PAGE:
The Air Force Tuition Assistance Program, offers grant money to active personnel who wish to complete their college education in either an on-base or off-base institution. Financial aid is available in varying amounts, up to full coverage of yearly tuition costs.
The Montgomery G.I. Bill provides up to 35 months of education benefits to eligible Air Force servicemembers. Benefits are payable up to 10 years following the end of active duty.
The Air Force Aid Society administers the General Henry Arnold Education Grant, which provides up to $2000 in educational financial aid to the children of serving Air Force personnel. This is a need based program with awards going to those students who can demonstrate the requisite financial need.
The Coast Guard Foundation administers a number of grants and scholarships for active and retired personnel and their dependents. The RADM Arnold I. Sobel Scholarship, and the Coast Guard Foundation Scholarship , both provide financial aid benefits to the children of active duty and retired enlisted personnel. While the Fallen Heroes Scholarship provides for financial aid assistance to the children of coast guard servicemembers who have died in the line of duty.
These, and other scholarship programs , are designed to encourage and enable the children of Coast Guard service personnel in their pursuit of a college education.
The Navy-Marine Corps Relief Society is the premier charitable support organization for Marines and their families. The society regularly administers a number of interest free loan and grant programs for Marines on active duty as well as reservists. The MNCRS currently offers two grant programs for college bound students:
The Boorda Seaman-to-Admiral Educational Assistance Program is designed for active, retired and reservist Marines and Navy personnel. Grants and loans, up to $2000 per applicant, are available annually.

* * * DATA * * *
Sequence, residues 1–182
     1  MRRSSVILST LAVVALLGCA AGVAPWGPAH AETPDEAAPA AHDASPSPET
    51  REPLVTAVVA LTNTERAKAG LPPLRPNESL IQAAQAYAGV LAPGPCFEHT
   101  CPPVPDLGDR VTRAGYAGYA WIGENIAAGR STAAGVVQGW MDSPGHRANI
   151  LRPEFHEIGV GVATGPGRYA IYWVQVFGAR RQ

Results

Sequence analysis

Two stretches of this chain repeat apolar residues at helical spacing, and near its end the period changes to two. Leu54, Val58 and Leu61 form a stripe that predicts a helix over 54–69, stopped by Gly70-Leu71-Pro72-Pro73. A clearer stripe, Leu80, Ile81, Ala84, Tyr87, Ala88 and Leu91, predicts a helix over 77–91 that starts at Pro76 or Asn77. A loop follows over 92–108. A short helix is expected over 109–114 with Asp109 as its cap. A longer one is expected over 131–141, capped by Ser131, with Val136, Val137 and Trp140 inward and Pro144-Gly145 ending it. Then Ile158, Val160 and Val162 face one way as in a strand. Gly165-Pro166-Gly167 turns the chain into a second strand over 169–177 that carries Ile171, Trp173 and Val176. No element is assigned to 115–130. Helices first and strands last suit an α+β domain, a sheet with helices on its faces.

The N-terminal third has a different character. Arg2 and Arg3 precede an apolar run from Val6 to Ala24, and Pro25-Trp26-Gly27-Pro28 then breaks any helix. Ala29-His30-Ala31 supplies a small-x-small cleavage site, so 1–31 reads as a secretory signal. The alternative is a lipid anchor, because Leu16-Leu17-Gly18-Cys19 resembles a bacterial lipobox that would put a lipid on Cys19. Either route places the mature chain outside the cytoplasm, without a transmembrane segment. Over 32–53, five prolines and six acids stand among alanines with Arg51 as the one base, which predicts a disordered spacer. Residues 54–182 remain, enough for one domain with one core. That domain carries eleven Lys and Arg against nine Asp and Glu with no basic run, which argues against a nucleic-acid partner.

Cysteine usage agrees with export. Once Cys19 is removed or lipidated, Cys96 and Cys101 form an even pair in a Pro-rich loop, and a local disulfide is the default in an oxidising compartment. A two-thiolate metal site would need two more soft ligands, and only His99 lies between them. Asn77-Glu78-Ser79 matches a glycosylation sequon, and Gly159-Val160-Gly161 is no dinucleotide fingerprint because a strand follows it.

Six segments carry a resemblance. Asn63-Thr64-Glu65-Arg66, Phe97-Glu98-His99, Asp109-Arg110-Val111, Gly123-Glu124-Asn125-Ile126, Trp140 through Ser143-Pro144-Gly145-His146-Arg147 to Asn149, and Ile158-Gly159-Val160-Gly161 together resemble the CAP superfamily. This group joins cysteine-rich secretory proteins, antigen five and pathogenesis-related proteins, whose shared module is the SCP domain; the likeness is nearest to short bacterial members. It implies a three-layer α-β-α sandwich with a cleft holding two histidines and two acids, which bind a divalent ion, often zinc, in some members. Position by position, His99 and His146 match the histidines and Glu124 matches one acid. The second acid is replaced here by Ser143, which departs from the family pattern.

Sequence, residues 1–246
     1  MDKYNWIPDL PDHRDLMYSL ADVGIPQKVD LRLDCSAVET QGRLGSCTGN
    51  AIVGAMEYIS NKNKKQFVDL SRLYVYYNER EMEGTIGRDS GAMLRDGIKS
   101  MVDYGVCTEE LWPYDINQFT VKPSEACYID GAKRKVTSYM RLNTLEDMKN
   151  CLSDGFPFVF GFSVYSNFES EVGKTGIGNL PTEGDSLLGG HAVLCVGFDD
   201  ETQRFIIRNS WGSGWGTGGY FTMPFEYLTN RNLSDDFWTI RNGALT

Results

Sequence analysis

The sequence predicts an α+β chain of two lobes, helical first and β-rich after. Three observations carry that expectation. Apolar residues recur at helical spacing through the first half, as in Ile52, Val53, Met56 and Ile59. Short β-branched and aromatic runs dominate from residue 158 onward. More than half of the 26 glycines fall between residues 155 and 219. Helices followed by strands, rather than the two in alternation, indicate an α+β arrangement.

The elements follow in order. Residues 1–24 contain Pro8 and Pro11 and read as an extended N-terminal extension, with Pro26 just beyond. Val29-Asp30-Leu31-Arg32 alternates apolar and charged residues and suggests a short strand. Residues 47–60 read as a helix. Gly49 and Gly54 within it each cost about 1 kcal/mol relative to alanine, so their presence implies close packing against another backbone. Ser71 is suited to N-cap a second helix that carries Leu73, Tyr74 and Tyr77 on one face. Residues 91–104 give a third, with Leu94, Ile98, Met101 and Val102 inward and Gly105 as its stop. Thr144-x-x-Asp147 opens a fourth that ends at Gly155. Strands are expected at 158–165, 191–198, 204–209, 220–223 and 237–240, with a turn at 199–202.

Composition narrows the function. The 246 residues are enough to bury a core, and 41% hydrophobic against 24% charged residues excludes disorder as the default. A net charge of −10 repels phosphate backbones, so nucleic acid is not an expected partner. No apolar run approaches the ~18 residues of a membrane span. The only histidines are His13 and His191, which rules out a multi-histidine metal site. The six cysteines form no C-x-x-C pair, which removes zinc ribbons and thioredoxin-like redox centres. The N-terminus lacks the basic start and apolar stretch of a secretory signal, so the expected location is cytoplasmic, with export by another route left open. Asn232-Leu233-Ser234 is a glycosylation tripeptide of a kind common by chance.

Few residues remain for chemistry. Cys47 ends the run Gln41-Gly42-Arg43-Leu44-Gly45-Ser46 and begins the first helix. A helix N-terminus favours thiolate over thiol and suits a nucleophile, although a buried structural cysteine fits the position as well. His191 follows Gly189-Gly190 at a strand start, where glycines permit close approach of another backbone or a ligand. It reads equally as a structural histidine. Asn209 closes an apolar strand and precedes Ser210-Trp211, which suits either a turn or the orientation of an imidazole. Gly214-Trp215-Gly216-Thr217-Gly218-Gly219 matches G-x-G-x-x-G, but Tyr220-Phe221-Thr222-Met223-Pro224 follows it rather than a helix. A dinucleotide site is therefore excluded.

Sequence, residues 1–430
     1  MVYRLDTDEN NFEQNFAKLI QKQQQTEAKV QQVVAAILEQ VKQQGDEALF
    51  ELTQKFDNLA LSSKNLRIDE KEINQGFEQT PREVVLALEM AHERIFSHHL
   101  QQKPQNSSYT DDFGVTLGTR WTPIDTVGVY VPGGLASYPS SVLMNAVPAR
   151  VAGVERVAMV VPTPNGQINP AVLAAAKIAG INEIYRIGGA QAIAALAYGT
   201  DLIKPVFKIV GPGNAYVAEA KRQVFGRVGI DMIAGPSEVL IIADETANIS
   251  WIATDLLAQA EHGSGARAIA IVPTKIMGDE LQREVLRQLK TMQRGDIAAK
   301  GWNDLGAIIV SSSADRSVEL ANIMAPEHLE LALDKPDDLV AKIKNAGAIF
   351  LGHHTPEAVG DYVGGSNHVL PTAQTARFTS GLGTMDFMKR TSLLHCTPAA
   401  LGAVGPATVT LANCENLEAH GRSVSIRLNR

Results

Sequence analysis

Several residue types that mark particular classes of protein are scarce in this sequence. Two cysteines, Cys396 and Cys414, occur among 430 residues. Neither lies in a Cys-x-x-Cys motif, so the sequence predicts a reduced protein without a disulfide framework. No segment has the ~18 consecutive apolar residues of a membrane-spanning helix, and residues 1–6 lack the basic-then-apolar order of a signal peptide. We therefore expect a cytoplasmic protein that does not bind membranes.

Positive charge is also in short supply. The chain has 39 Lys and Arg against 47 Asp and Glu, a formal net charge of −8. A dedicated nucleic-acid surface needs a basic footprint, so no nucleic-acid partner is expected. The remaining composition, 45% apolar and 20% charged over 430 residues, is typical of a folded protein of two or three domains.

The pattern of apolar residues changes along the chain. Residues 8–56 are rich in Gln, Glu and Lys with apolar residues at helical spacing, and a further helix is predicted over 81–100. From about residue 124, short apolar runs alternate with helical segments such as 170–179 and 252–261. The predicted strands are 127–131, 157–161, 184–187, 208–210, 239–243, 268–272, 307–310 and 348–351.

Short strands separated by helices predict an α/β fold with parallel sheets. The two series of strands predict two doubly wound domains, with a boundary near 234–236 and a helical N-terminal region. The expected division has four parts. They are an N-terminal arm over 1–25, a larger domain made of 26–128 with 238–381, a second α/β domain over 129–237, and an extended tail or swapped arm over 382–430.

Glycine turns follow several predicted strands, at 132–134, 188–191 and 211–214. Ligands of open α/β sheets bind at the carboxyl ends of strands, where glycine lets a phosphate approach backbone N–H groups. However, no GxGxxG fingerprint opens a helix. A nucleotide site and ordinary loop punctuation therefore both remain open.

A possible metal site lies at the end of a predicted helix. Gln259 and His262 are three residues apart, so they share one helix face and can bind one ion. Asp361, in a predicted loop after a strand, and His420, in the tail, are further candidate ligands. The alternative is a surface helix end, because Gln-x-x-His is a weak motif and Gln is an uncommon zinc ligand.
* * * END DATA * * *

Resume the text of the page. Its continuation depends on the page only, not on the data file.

The NMCRS Gold Star Scholarship Program, is open to college aged children and unmarried widows and widowers of deceased Marines or Sailors.
The U.S. Navy also offers a number of valuable education grant programs. The largest program is the Navy College Fund, which provides financial assistance to active duty Navy personnel who meet the required standards of service and need. Part of the Navy's G.I. Bill, the NCF provides much needed college funding to sailors looking to complete a college education.
The U.S. Navy also offers the Survivors' and Dependents' Education Assistance Program, which provides up to 45 months of financial assistance to the children and spouses of Navy personnel who have been killed or disabled while serving. Benefits are applicable to undergraduate, graduate and post-graduate students.
Serving in the military, regardless of branch, is an honorable American tradition. It is also one of the most well trodden pathways to a higher education. Between the G.I. Bill and the myriad other scholarship, grant and loan programs offered by the differing branches of the military, you will find that a college education becomes accessible to nearly everyone who chooses to serve.